North Carolina

‘Raise the Age' juvenile initiative in North Carolina begins in December

RALEIGH, N.C. — Significant changes to North Carolina’s justice system for young offenders and sex-related offenses begin this weekend.

No longer will 16- and 17-year-olds be automatically tried in adult court for most nonviolent or less serious felonies as the state’s long-awaited “Raise the Age” initiative takes effect. Victims of child sex abuse will have more time as adults to seek civil damages against perpetrators. And, a court decision preventing women from legally revoking consent is getting overridden.

These changes are among about 30 state laws passed or amended this year that will be enforced starting Sunday.


North Carolina has been the last state in which 16- and 17-year-olds were automatically prosecuted as adults. Bipartisan legislation approved in 2017 started the clock to end that designation.

Supporters say “Raise the Age” will reduce recidivism through the services offered to delinquents and allow young people avoid the stain of lifetime criminal records in the confidentiality of juvenile cases.

While accused young people at these ages will be initially placed under juvenile court jurisdiction, it will be mandatory for those facing the most serious felonies to be tried in adult criminal court.

[ALSO READ: 'Raise the Age': Meck County prepares for more juvenile offenders]

Others accused of lower-grade felonies and misdemeanors could still be transferred there with a judge’s order. This means their case will be confidential so charges won't be held against them for life. Motor-vehicle cases will remain in adult court.

Projections show the shift will put thousands of additional young people annually into the juvenile system. There’s been a massive training effort of law enforcement workers, and the General Assembly has spent some money to hire additional prosecutors, judges, court workers and other staff. More beds in juvenile detention or development centers also will be needed over time.

This new law won't impact teenagers with pending charges, but will affect those accused of new crimes moving forward.


North Carolina’s designation as the only state where women can’t revoke sexual consent - based on a 1979 court ruling - will now be eliminated thanks to a new law.

The law also essentially cancels a 2008 court decision that said sexual assault laws don't apply to people incapacitated because of their own actions, such as taking drugs or alcohol. And the legislation makes clear that it’s illegal to drug someone's drink.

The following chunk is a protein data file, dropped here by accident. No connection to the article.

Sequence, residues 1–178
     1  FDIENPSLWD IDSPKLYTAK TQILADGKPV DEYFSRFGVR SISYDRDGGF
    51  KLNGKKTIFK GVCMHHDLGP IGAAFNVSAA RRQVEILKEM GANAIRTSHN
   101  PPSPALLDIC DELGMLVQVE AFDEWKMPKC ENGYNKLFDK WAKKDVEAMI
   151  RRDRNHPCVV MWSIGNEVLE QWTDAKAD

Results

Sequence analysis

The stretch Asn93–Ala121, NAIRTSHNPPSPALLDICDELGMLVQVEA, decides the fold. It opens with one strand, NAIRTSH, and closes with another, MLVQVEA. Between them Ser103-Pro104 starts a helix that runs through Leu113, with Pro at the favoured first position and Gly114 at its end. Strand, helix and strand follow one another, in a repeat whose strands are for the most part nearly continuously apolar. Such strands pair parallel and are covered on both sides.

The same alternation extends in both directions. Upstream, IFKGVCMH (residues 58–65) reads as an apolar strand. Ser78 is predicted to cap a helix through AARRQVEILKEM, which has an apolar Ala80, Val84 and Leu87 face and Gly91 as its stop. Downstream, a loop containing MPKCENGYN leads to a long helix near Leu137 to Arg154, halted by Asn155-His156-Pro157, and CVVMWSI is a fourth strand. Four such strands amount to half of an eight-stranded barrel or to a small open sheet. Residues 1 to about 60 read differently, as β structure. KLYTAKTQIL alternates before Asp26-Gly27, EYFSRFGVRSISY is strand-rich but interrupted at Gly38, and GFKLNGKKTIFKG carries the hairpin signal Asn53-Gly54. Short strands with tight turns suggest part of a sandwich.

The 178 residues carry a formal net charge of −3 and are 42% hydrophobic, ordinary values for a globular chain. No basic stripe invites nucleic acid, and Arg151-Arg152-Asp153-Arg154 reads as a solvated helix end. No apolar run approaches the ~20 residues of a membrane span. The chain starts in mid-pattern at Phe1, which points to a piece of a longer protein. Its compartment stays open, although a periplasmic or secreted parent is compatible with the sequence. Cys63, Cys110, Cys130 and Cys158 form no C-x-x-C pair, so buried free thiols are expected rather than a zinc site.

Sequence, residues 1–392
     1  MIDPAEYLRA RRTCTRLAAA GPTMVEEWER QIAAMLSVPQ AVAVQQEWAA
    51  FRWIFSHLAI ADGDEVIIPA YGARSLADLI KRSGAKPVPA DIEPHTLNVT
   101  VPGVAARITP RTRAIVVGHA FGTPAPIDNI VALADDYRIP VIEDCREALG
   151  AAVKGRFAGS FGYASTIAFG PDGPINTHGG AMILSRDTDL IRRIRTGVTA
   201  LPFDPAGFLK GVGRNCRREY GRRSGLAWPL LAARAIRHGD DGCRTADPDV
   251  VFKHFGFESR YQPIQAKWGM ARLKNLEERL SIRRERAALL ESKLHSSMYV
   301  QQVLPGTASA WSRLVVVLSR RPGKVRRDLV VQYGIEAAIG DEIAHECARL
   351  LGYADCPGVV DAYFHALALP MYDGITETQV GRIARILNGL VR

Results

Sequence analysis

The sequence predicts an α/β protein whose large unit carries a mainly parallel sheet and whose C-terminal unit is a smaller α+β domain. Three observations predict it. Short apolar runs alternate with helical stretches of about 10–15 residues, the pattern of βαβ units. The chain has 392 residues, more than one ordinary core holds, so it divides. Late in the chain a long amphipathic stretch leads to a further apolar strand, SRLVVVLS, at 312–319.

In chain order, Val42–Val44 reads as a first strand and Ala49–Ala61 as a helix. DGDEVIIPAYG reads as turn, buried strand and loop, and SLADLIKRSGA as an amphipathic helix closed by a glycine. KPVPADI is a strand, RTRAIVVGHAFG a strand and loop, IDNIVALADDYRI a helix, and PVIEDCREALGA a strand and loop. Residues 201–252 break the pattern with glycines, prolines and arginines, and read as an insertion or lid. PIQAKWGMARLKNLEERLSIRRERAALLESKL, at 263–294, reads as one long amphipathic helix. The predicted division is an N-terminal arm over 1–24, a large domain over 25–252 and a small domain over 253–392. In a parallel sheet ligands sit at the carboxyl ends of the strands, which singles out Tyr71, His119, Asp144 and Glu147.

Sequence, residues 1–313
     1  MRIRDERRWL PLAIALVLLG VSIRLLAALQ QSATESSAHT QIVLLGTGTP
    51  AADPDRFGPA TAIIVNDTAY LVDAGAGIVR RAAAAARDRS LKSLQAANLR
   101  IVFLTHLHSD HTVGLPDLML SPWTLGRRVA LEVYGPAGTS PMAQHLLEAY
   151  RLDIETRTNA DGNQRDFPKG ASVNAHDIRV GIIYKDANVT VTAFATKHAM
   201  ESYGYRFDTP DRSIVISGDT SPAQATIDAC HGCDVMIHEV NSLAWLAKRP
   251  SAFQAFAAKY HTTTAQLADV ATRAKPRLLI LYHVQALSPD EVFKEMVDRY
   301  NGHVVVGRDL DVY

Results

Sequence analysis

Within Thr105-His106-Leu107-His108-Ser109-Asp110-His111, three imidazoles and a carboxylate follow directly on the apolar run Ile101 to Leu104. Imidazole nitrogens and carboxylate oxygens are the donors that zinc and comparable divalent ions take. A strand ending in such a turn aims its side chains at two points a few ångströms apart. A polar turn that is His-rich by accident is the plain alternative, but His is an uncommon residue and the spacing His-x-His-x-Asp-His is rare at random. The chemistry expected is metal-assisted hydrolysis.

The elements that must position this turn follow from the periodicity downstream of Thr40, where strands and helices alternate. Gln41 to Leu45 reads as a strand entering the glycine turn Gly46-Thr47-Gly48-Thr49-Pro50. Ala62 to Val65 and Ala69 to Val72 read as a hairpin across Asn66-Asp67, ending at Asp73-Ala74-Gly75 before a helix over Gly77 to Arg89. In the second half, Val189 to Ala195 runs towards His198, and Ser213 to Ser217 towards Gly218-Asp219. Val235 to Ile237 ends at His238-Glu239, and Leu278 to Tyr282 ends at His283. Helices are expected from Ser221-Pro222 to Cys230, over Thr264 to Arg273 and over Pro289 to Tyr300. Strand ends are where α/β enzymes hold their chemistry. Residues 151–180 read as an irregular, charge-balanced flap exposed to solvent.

Advocates for sexual assault victims and prevention had sought the changes for years, saying the consent restriction created a loophole that made prosecution difficult. Supporters say the new law will give more protection to survivors of sexual assault.

Another new law also makes it a felony for a physician to have sexual contact with a patient under the premise of treatment.

While this new law should help bring more cases to court, the Federal Justice Department says only 230 out of every 1,000 sexual assaults are reported to police.

(Watch the video below as Channel 9's Gina Esposito breaks down what this new law means for survivors of sexual assault)


The sexual assault changes were contained in legislation that also extends the limited time child sexual abuse victims can sue for civil damages from age 21 to 28.

Any adult also could now sue for damages within two years of the felony criminal conviction of someone related to sexual abuse the adult suffered as a child. And the law gives child sex abuse victims older than 28 a one-time window in which to file lawsuits in 2020 and 2021. The changes come as sex-abuse revelations have received greater attention in society.

The law also extends the statute of limitations for certain misdemeanor child-abuse crimes from two years to 10 and sets new requirements upon adults to report child abuse to authorities.


A new high-level felony - punishable by several years in prison - has been created to target drug dealers who contribute to a user’s overdose death.

The “Death by Distribution” law is designed to punish the seller severely even when a prosecutor can’t prove the person acted to intentionally harm the victim. Such malice is a key element of murder.

Proponents of the new criminal count say it’s a tool to target the purveyors of opioids in North Carolina.


Other laws taking effect Sunday will:

- increase criminal penalties for people who assault law enforcement officers and first responders with a gun.

- increase punishments for motorists who violate the state’s "move-over" law and a first responder dies or is seriously injured.

- make it a misdemeanor for motorists to go around road blocks set up because of flooded roads, such as during a hurricane.

- make it a crime to impersonate a driver for a ride-sharing company like Uber or Lyft and raise penalties for those who assault legitimate drivers.

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